Arena, the Elder Scrolls Chapter 1 was one of the most played and enjoyed computer fantasy role playing adventures (CFRPG) ever devised. Arena was strong on outside and inside locations, with many entire kingdoms that you could walk across loaded with treasures, monsters, citizens, and quests. Many of the denizens could speak to the player character, but many were unable to speak because they were not interested in talking.
Where, Arena was weak was the balance between experience and character skills. As the levels increased up to level 20, the difficulty of the opponents and battles increased, as they did in Might and Magic 2, often making it easier to be a low level character who avoided the interest of the greater denizens, but unable to complete some of the greater quests without the higher levels. Another area which was weak was character interaction where the designers confused quantity with quality, and the characters you met were often not deeply effected by long term relationships as they would be in real life. Another poorly planned aspect had to do with the impossible nature of certain time dependent quests which could not be completed during some seasons of the year when travel times lengthened. In spite of these minor flaws, Arena rose out of the depths and has become many gamers favorite CFRPG.
This time out, the game, which is set in the Empire of Tamriel, is bigger, reportedly twice the size of Great Britain, but we as yet know not what scale the size was based upon. We look for the game to have immense play value, with equally immense expanses rivaling the real world in extent and breadth.
Plot: As the Emperor of Tamrielís special representative, you, as the main character, must put-down, quell, and otherwise squash a potential uprising in the royal court of Daggerfall. Like the previous Arena and Originís Privateer, you need not pursue the major quest to play the game. According to Bethesda, you are free to explore, and pursue your "career in the vast, beautiful and dangerous world." When you arrive in Daggerfall, you are called upon to investigate stories of madness, unrequited love, dark sorcery, seduction (What the world needs is more seduction! - Ed.), betrayal, and a plot to recreate a powerful force from thousands of years past." And of course the player will play a role (Roleplaying? - Ed.) that will be pivotal in determining who will wield such a power, which will determine, as it were, the fate of Daggerfall, the Empire of Tamreil, the World, the Universe, and, of course, all intelligent life in the Universe. (God save the Queens, err Queen! -Ed.)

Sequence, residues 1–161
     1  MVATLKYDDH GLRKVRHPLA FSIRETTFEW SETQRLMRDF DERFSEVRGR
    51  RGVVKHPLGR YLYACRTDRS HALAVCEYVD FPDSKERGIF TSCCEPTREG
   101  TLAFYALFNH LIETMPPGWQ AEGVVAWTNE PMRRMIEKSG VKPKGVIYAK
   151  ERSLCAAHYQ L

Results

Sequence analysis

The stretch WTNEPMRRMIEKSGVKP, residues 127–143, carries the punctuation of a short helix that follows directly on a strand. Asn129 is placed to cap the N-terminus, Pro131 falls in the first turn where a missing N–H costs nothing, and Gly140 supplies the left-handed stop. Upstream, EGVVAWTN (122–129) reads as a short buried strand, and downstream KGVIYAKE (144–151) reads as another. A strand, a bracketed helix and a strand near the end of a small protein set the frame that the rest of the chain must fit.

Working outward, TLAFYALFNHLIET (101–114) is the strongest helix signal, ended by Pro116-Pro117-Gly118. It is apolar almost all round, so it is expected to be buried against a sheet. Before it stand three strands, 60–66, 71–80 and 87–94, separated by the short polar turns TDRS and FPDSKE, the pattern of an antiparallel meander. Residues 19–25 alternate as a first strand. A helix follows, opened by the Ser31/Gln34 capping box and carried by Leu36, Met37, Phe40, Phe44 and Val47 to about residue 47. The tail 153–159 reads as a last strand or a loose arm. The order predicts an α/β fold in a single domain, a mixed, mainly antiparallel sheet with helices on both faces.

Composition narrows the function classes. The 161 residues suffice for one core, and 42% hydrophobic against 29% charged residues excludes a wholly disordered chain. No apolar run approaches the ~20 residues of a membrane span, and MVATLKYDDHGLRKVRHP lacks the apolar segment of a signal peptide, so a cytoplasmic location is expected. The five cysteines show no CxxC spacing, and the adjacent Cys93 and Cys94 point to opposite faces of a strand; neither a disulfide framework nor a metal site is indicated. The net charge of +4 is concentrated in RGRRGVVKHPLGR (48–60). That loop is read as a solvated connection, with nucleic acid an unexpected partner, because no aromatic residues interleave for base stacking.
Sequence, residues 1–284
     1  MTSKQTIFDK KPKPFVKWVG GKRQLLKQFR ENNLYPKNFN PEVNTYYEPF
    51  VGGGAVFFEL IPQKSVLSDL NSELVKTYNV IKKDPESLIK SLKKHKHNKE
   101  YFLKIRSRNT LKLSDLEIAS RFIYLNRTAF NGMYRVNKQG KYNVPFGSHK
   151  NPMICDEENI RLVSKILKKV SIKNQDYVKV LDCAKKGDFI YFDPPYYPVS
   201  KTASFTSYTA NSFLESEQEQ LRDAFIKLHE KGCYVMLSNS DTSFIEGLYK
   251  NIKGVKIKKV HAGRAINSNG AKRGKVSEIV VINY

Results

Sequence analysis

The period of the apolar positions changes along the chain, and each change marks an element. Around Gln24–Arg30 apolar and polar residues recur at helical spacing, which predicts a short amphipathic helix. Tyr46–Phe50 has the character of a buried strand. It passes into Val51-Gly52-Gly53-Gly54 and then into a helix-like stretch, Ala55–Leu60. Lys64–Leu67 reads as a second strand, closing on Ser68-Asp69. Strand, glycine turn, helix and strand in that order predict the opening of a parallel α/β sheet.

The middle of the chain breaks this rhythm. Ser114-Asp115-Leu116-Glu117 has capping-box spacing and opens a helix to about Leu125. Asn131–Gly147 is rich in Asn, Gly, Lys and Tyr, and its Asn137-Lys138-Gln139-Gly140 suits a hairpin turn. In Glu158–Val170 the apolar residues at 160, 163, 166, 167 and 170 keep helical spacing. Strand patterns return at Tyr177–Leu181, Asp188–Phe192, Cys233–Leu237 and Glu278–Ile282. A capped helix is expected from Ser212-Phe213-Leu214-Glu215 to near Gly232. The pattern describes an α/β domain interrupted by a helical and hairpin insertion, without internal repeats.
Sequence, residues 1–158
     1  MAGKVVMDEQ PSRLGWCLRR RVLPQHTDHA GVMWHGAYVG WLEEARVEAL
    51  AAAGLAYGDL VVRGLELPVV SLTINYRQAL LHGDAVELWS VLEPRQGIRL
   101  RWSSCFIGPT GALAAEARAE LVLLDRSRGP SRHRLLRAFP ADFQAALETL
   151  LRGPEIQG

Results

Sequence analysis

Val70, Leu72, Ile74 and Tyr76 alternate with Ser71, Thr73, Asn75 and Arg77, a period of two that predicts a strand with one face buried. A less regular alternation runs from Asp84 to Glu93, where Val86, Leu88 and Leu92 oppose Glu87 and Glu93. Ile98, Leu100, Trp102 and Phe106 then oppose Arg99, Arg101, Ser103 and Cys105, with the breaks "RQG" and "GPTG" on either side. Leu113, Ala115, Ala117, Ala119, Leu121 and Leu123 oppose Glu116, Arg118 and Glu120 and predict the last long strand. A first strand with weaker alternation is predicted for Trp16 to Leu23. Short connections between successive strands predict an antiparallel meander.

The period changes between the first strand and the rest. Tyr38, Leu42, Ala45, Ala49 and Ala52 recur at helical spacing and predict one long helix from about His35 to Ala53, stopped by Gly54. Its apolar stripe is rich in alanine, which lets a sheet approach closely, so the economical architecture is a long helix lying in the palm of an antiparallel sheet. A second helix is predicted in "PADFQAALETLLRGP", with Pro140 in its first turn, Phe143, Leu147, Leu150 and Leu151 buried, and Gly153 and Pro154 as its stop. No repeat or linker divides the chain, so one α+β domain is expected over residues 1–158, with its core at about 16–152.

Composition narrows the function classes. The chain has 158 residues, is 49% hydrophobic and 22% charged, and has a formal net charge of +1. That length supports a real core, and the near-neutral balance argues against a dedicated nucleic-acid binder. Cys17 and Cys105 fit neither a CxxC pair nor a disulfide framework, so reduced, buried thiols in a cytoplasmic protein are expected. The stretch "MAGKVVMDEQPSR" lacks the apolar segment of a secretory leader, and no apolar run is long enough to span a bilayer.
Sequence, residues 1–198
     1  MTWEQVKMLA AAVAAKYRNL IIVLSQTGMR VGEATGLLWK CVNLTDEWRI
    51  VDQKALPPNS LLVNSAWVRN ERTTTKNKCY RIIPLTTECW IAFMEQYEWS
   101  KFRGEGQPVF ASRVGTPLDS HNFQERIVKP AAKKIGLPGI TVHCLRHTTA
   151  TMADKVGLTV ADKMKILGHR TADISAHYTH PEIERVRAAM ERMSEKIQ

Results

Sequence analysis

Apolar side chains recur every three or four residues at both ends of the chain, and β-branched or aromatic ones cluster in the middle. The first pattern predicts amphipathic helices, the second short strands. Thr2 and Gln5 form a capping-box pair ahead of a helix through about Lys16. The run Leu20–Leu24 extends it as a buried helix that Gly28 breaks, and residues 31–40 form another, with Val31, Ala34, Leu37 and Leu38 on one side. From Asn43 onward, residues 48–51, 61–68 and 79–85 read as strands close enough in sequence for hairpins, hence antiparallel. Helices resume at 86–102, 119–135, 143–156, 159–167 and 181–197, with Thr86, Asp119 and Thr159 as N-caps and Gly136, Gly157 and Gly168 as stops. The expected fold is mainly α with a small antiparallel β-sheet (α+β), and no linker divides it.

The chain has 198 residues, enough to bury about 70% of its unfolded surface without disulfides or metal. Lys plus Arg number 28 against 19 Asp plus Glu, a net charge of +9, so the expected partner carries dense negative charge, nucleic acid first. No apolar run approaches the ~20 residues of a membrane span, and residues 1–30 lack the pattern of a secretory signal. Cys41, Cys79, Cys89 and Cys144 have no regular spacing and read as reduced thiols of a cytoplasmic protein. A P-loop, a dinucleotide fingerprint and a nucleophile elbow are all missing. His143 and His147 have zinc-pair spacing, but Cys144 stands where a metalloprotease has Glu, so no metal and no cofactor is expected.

Graphics use the advanced fractal algorithms of Dr. Ken Musgrave to give the terrain a very real look and feel. A "fully topographical landscape" (reminds me of my college days when topography was a course elective - Ed.) will have caves, castles, dwellings, highlands, underwater locations, and lowlands. The new land is three dimensional, like Arena, with texture-mapping, light-sourcing, and accurate physics applied liberally.
Game play permits the main character to own land, ships, crafts, join and participate in guild politics and duties, join other oranizations, trade goods, and ply your services. Like Privateer you can choose a profession, say smuggler.
Spells: As important as character generation and development, is the spell generation system. A new spell engine is supported that goes beyond the Arena SpellMaker to create "more unusual and powerful spells." (We would love to know what that pregnant statement means. - Ed.) Potion and magic items will be created in similar fashion to that seen in Arena.
Classes: Character classes will be fully customizable to each players preferences. (How? Bethesda please tell us! -Ed.)
Music: "Advanced, multi-channel, Ďdigitilizedí sound effects and music" on a grand scale will rock your world, or words to that effect.
Hints: Daggerfall Chronicles Hint Book
Conclusions: Daggerfall promises to be a fun romp for all. Donít miss it.
Computer Gaming World, number 146, September, 1996, pg.32.
Cindy Yans, Computer Games Strategy Plus, issue 70, September, 1996, pg. 20-22.
Trent Ward, www.gamespot.com/previews/daggerfall/index.html